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Abandonment of Trademarks

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What Might Cause Me to Lose My Trademark Rights?

Trademark rights can be acquired only through commercial use.  If you don¿t use your trademark after you get it you may lose it.  This is called abandonment.  For abandonment to occur, you must have discontinued the use. It is not considered abandonment if you discontinue use because of pressures beyond your control.  If a person fails to use a trademark for three years, it is considered abandoned.   

When is Nonuse Excusable?

Nonuse of a trademark is excusable when it constitutes what a reasonable business person having intent to use the trademark would do.  If you can prove intent to resume use, you can defeat an abandonment claim.  

Must Abandonment be Nationwide?

Since federal registration is nationwide, abandonment must be as well.  If you stop using the trademark only in a particular area, there is no abandonment claim.  However, since use must be interstate (in more than one state), if a user withdraws to primarily intrastate use (within the same state), the withdrawal would be considered nonuse.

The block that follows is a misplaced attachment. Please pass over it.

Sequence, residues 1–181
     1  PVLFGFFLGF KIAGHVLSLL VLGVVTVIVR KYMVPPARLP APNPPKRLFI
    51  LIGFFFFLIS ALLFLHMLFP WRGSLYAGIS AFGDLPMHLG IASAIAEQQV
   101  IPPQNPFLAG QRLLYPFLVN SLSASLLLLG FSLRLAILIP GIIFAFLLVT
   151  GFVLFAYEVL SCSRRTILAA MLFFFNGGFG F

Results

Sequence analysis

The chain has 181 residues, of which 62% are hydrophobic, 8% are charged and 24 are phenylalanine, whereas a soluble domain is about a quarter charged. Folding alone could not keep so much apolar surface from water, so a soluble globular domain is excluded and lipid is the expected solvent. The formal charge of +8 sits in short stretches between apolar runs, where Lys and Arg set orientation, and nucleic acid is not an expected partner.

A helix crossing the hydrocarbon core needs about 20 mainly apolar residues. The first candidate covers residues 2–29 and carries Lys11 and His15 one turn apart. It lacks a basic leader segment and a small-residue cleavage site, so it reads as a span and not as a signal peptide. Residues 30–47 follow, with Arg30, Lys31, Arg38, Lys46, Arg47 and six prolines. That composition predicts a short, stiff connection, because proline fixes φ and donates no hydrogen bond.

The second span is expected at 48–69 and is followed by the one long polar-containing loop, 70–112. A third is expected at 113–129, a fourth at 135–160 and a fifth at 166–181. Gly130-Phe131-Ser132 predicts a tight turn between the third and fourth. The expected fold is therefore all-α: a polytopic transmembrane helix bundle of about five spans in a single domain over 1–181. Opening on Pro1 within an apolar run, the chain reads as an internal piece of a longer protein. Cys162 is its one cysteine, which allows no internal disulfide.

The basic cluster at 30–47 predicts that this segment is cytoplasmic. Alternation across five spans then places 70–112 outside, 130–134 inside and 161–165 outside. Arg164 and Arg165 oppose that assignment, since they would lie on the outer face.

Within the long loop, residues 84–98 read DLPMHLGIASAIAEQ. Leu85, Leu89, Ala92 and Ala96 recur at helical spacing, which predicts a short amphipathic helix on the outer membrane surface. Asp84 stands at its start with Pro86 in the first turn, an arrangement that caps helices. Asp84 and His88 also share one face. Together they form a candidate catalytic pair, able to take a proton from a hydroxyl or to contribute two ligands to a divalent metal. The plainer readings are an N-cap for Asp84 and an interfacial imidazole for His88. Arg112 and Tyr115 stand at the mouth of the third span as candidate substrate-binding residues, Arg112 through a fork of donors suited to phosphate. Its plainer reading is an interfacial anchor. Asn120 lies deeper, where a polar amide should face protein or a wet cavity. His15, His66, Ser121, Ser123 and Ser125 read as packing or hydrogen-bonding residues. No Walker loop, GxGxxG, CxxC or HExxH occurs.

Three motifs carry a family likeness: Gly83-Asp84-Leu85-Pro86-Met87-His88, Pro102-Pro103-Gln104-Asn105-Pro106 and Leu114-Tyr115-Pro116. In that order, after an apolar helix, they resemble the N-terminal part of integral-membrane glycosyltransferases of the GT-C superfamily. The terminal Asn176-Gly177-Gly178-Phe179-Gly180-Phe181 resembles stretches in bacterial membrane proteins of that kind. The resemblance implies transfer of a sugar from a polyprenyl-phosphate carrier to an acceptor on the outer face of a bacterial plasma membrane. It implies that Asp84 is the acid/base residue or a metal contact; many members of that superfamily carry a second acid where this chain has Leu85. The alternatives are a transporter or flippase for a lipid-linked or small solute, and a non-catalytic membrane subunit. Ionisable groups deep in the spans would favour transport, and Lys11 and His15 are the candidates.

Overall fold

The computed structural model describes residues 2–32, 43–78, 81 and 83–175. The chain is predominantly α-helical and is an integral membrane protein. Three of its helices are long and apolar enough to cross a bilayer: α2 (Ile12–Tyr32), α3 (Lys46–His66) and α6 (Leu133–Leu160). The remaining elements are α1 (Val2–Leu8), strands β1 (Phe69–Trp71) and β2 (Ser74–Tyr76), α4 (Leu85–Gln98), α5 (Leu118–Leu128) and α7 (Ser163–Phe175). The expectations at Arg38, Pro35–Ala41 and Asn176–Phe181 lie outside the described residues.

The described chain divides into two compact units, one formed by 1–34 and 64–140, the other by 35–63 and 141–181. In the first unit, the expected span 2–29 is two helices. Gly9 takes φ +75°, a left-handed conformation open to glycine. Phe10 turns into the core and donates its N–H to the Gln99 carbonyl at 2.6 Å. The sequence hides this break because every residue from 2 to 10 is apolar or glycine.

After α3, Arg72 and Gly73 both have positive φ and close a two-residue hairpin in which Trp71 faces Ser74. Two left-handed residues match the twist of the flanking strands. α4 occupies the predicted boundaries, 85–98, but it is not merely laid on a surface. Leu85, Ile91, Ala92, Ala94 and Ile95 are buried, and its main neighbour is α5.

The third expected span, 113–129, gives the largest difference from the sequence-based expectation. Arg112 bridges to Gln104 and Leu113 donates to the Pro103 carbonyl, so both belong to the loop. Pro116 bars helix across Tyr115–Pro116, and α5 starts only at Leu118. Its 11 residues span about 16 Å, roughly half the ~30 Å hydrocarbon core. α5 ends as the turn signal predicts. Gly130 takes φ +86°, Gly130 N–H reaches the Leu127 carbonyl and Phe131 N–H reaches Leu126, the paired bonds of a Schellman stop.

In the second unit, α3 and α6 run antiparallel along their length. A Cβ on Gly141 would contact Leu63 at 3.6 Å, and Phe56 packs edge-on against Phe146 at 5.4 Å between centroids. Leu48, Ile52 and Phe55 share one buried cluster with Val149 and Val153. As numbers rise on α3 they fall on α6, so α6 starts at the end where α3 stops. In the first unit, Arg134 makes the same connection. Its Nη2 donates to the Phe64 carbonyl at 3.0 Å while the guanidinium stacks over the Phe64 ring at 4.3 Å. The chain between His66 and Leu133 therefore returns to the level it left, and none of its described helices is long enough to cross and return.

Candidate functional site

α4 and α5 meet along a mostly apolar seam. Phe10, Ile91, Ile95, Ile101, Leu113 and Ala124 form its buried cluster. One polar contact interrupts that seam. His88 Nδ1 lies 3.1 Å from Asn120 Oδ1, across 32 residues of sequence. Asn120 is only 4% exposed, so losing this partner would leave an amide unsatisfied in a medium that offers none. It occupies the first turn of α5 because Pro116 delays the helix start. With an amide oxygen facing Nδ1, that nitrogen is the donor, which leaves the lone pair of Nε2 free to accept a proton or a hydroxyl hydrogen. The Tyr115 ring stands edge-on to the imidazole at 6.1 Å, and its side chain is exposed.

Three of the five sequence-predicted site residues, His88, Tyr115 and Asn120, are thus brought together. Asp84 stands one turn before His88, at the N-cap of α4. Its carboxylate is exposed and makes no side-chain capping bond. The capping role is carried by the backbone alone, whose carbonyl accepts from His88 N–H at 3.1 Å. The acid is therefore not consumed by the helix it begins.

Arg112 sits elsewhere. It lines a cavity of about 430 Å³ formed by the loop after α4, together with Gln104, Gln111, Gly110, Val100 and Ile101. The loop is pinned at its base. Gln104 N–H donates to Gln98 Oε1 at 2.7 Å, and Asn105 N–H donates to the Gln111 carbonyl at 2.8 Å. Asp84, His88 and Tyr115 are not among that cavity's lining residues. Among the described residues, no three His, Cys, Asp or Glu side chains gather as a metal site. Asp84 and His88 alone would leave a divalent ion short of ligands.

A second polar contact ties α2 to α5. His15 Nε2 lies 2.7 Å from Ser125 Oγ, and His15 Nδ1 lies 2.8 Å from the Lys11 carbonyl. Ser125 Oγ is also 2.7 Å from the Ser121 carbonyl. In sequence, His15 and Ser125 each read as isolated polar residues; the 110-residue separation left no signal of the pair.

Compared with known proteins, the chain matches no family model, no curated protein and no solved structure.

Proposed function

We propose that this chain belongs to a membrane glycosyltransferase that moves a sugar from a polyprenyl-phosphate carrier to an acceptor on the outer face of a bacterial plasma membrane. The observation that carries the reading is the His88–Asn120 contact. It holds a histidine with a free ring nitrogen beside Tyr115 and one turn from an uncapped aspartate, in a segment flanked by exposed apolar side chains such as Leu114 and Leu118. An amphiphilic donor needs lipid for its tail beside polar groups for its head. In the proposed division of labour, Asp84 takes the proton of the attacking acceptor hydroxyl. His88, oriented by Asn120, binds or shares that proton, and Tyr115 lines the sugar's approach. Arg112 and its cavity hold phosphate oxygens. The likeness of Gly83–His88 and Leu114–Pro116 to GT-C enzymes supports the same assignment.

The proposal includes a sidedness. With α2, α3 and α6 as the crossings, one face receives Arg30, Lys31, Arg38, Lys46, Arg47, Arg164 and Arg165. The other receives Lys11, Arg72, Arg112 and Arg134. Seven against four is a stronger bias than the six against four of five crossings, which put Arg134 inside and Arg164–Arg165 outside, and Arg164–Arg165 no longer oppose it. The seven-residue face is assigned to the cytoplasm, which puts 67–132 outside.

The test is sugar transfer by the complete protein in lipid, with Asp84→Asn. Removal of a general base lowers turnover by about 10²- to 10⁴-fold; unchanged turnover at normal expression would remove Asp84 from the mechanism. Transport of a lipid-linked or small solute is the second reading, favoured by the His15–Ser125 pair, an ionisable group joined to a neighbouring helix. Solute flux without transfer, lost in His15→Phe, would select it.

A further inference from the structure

What Might Cause the Trademark to Lose Its Significance?

A trademark can be considered abandoned if it has lost its significance.  Significance can be lost if the trademark's owner:

  • Fails to regulate its use;
  • Excessively licenses it;
  • Fails to exercise reasonable controls over those he allowed to use it; or
  • Fails to stop unauthorized use by others of the trademark.

How Can I Oppose the Registration of a Trademark Similar to Mine?

If you feel you may be damaged by another person's trademark registration, you may oppose it.  You must do so within 30 days after the other person¿s intent to use application is published in the Official Gazette of the Patent and Trademark Office.  The opposition is heard in front of the Trademark Trial and Appeal Board (TTAB) rather than a Court.   

What Will Happen if I Lose?

The decision by the TTAB can be reviewed by a Court of Appeals for the Federal Circuit.  The first time an action is filed, it is termed de novo.  This term means that the party who originally filed suit has the opportunity to retry the entire case and evidence not admitted the first time may be admitted the second time.   

Should I Consult a Lawyer about my Trademark Issue?

The deadlines and regulations for trademark registration are detailed and strict. An attorney can help you meet all the deadlines and fulfill all the requirements. A lawyer can also participate in on-going research to make certain no one else is using or diluting your trademark without your permission. Additionally, if you have an issue of trademark opposition, a trademark lawyer can guide you through the difficult process of being opposed or opposing another person's trademark registration.

Photo of page author Ken LaMance

, LegalMatch Law Library Managing Editor and Attorney at Law

Last Modified: 06-06-2013 12:22 PM PDT

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